HYPOTHALAMIC HAMARTOMA WITH GELASTIC SEIZURES
Manjunath Rao*, Balasubramanya**
Department of Pediatrics.*, Department of Pediatrics.**
A 2 year old male child presented with recurrent episodes of seizures in the form of behavioral arrest followed by abnormal laughter. He had about 2 - 3 episodes / day, refractile to medical management with sodium valproate.

There was no H/o GTCS, weakness of limbs, headache or vomitings. Systemic examination was otherwise WNL. Routine Blood investigations were WNL. EEG was suggestive of a Seizure disorder.

MRI Brain showed a single well-defined isodense lesion projecting from the left side of the Hypothalamus into the 3rd ventricle, with no evidence of ventriculomegaly or mass effect.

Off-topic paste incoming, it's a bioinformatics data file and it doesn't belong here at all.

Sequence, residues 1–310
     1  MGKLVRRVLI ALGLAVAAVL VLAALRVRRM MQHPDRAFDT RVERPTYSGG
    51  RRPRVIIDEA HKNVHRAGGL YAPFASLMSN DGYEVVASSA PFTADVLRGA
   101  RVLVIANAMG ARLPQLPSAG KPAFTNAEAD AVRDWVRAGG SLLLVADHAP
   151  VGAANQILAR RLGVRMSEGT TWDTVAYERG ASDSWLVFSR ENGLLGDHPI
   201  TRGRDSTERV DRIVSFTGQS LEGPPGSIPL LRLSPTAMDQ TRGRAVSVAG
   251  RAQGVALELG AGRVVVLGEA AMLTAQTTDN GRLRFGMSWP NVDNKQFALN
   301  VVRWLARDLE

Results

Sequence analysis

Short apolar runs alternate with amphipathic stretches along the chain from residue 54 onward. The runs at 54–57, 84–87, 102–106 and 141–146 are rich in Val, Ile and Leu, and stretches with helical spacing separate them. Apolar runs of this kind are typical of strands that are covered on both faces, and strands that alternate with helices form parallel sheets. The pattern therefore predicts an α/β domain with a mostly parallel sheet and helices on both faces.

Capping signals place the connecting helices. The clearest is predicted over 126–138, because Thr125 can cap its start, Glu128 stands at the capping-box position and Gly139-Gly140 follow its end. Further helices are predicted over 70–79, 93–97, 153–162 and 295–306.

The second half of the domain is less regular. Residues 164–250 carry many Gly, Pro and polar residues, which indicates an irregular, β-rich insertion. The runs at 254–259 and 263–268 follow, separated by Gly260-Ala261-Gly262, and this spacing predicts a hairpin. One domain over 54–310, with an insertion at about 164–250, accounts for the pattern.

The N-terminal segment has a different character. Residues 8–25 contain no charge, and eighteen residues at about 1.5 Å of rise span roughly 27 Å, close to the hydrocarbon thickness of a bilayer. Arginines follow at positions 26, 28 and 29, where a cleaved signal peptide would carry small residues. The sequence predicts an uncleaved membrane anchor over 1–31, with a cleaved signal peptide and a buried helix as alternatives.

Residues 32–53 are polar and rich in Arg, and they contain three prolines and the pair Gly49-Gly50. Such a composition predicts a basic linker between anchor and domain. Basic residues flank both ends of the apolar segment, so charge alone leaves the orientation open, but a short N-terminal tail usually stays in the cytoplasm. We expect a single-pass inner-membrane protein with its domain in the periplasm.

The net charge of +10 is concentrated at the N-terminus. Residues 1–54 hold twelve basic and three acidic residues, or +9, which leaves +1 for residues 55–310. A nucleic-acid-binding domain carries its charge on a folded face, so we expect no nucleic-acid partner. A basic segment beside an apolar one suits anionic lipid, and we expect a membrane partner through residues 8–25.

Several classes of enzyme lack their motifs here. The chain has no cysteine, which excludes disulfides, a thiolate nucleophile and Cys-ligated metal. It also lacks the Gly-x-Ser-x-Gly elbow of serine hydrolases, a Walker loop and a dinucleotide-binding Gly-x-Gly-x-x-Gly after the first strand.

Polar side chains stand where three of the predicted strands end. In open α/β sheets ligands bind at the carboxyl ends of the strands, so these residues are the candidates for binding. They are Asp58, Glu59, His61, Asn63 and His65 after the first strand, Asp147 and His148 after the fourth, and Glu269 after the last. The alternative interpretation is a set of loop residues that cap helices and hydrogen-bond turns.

As the child was refractile to medical management, he had to undergo Rt. frontal craniotomy by transcallosal aproach & near total excision of the tumour.

Gelastic epilepsy is characterised by episodes of loud hollow, mirthless, stereotyped forced laughter.

Hypothalmic Hamartomas are the most common cause. Lesions involving ventro-medial nucleus of Hypothalamus may also cause Hyperphagia & obesity.

Gelastic seizures have also been described with cortical dysplasia in the cingulate Gyrus. A male predominance is noted and most of them show a good outcome after partial resection of the hamartoma.
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